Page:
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Today's News

  • On Campus with BCC: BCC gears up for reaffirmation of accreditation

    By Dr. Susanne Adams

    Guest Columnist

    Brunswick Community College has started preparing for its decennial review process by the Southern Association of Colleges and Schools — Commission on Colleges (SACSCOC).

    BCC is set to be reaffirmed in 2019, but much work is already under way to get all the needed documentation ready and roll out the red carpet for the SACSCOC onsite visitors coming in fall 2018.

  • Sheriff’s officer’s actions justified in shooting involving Ash man

    Investigators determined an Ash man injured in a shooting at his home Tuesday morning was not shot by a Brunswick County sheriff’s officer.

    Bradley Barrett Lewis, 28, was taken to Grand Strand Medical Center in Myrtle Beach, S.C., after he suffered an apparent gunshot wound to his head, sheriff’s office spokeswoman Emily Flax said in a news release Tuesday afternoon.

  • Sunset Beach Police Department Feb. 28-March 2, 2017

    Sunset Beach police investigated the following incident and made the following arrest. All information is taken directly from incident and arrest reports.

    Feb. 28

    Larceny of a motor vehicle from Sea Trail later found burnt in South Carolina.

    March 2

    Jeffrey Cameron McLeod, 43, of Emerillon Court, Ocean Isle Beach, was arrested on charges of larceny and drunk and disruptive.

  • Calabash Fire Department February 2017

    During the month of February 2017, the Calabash Fire Department responded to 190 calls: eight structure fires, six fire alarms, 11 motor vehicle accidents, one rescue, one investigation, 29 public assistance calls and 134 EMS first-response calls.

  • Another orange alligator washes up

    Chalk up another orange alligator roaming the Carolinas. Gary “Zap” Ceponis recently snapped photos of yet another Cheetos-hued gator on the bank of a retention pond behind his house in Winding River Plantation.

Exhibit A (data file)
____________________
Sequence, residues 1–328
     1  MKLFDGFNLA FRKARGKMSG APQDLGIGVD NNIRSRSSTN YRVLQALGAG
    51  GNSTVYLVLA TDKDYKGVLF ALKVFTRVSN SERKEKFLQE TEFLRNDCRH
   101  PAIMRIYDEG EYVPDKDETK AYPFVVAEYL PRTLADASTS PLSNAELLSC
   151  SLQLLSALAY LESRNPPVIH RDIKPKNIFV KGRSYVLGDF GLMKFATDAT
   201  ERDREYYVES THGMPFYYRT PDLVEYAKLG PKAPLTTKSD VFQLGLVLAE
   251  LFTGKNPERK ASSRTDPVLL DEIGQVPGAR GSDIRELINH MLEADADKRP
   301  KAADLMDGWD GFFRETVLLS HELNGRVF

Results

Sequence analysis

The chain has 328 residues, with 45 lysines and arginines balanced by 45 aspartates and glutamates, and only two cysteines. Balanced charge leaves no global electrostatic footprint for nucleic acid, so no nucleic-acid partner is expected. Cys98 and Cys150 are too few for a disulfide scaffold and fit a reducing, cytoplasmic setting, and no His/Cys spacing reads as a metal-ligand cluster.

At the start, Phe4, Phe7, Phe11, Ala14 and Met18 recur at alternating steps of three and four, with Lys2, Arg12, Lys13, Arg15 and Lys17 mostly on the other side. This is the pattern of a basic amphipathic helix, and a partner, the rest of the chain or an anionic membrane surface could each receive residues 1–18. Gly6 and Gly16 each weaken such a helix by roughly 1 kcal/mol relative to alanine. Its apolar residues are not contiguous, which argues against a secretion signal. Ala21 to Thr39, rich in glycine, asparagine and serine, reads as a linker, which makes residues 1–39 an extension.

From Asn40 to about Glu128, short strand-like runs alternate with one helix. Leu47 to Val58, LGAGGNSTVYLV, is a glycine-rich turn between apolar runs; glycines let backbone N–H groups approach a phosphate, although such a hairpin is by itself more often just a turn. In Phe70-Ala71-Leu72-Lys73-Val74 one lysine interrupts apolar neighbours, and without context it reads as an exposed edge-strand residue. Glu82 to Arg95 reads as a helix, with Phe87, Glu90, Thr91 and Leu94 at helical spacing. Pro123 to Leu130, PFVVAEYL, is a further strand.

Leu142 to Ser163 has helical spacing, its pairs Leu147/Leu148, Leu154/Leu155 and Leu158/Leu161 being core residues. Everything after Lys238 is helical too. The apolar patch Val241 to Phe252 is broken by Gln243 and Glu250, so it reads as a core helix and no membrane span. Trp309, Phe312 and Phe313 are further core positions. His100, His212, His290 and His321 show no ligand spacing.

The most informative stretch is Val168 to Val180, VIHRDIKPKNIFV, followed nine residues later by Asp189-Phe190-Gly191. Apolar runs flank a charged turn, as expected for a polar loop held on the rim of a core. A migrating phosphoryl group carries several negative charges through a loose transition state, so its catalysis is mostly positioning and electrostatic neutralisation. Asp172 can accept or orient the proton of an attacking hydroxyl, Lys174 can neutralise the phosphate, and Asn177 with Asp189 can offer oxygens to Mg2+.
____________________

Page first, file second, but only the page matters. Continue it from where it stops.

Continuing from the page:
When he first shot photos on Feb. 23, Ceponis said it was a small alligator about two-and-a-half to three feet long. When he saw the gator again on March 1, Ceponis said the reptile appeared to be losing some of its orange color.

  • Clark graduates from basic

     Air Force Airman Harvey D. Clark Jr. graduated from basic military training at Joint Base San Antonio-Lackland inTexas.

    Clark completed an intensive, eight-week program that included training in military discipline and studies, Air Force core values, physical fitness, and basic warfare principles and skills.

    Airmen who complete basic training also earn four credits toward an associate in applied science degree through the Community College of the Air Force.

  • Learning about listeriosis

     A couple of weeks ago, a friend posted on Facebook about a food recall. The “shocking” headline was about a popular refrigerator stable having deadly bacteria. Unlike many things you read on the Internet, this one was a true. The food recall was for packaged cheese and the bacteria are Listeria monocytogenes, frequently just called listeria. The food-borne illness you get from these bacteria is called listeriosis.

  • Some plants mask their green

     You would think that horticulture folks would be happy in March when everyone’s “wearin’ the green.” After all, green is our color — the color of chlorophyll found in plant leaves that allows the life-giving process of photosynthesis to happen. But, in this month of green beer and shamrocks, I started thinking about all of the great plants we grow that mask their green behind other pigments such as the red and burgundy Japanese maples, ‘”Summer Chocolate” mimosa and Cordyline ‘”Red Star” with its striking form.

  • U.S. pets get fatter, owners disagree with veterinarians on nutritional issues

     By Dr. Ernie Ward

     

    Our pets keep getting fatter. Pet obesity in the U.S. continued to steadily increase in 2016, affecting nearly 59 percent of cats and 54 percent of dogs, according to the Association for Pet Obesity Prevention (APOP). During their ninth annual survey, APOP also found pet owners and veterinary professionals disagreed on key pet food issues such as the benefits of corn and grains, value of raw and organic diets, and the best sources of pet nutritional advice.

  • North Carolina encourages air quality forecast awareness

    The 2017 ozone season has started, as state and local environmental agencies renew their daily air quality forecasts for ozone in metropolitan areas across North Carolina.

    Ozone, which has been North Carolina’s most widespread air quality concern, continues to decline, thanks in large part to reductions in emissions from its primary air pollution sources: power plants, industry and motor vehicles.